© 2017 created by Australian Safety Critical Systems Association.

This site was last updated on 30/7/2019.

Standards

Several safety standards exist for the construction, operation and management of systems requiring safety mechanisms. Most of the current standards have a lengthy history and continue to mature with changes in technology and society. It is important that systems safety professionals are at least aware of the major differences between various standards that they are likely to meet over the course of their careers.  The following (growing) list of safety standards are typical of what many safety professionals are likely to have to get to know.

 

The first listed item (SEBoK) is not a standard per se, but represents the most up to date information surrounding the systems engineering profession.  It is provided not only for interest but also as a notification of a serious endeavour to improve and better define all aspects of systems engineering activities - including safety.

Please note that most of the standards in the list below are not free (or low cost) to the individual.

October 26, 2016

Systems Engineering Body of Knowledge (SEBoK)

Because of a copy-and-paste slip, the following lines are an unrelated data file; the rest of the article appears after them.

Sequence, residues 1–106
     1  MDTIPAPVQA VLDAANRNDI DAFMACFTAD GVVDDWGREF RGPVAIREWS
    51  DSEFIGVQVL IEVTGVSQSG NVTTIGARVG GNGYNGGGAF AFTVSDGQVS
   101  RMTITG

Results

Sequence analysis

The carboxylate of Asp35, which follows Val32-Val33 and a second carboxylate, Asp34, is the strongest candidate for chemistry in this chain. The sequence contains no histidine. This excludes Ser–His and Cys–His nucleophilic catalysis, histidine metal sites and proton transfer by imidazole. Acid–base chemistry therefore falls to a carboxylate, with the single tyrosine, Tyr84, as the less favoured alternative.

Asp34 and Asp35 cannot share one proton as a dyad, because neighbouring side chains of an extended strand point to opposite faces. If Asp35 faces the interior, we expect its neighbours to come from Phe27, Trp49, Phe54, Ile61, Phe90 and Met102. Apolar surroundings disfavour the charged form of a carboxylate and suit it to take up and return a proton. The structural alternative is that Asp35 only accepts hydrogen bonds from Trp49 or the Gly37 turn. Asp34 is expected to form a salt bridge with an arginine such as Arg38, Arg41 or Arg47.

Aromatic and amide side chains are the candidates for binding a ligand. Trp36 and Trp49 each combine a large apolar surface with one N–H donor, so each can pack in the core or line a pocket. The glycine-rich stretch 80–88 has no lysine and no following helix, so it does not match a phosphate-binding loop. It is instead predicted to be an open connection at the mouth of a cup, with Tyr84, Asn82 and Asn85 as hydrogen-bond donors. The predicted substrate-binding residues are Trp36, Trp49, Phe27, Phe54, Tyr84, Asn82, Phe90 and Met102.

Systems engineering has its roots in the fundamentals, principles, and models of foundational systems sciences. It is applied through the application of systems engineering processes within a managed life cycle working with a number of other management, engineering, and specialist disciplines. While traditionally applied to product development, systems engineering can also be applied to service and enterprise systems. As systems engineering is a collaborative approach, working with other engineering and management disciplines and specialisms, it relies on enabling competencies and structures at individual, team, and organizational levels.

This is an ongoing effort with the involvement of NCOSE.  The latest version of SEBoK (SEBoK 1.7) is available in PDF form, but is a 30Mb download.

IEC 61508:2010 Functional Safety of Electrical/Electronic/Programmable Electronic Safety-related Systems.

IEC 61508 comprises 7 parts each of which can be purchased separately.

From the IEC website:  A brief on functional safety and 61508.

ISO 26262:2011 Functional Safety for Automotive Electronic/Electrical Systems

ISO 26262 comprises 10 parts and is an adaptation of the Functional Safety Standard IEC 61508.  It defines functional safety for automotive equipment applicable throughout the lifecycle of all automotive electronic and electrical safety-related systems.

See this overview of ISO 26262

MIL-STD-882E:2012 Department of Defense Standard Practice - Systems Safety

This system safety standard practice identifies the US DoD approach for identifying hazards and assessing and mitigating associated risks encountered in the development, test, production, use, and disposal of defense systems. 

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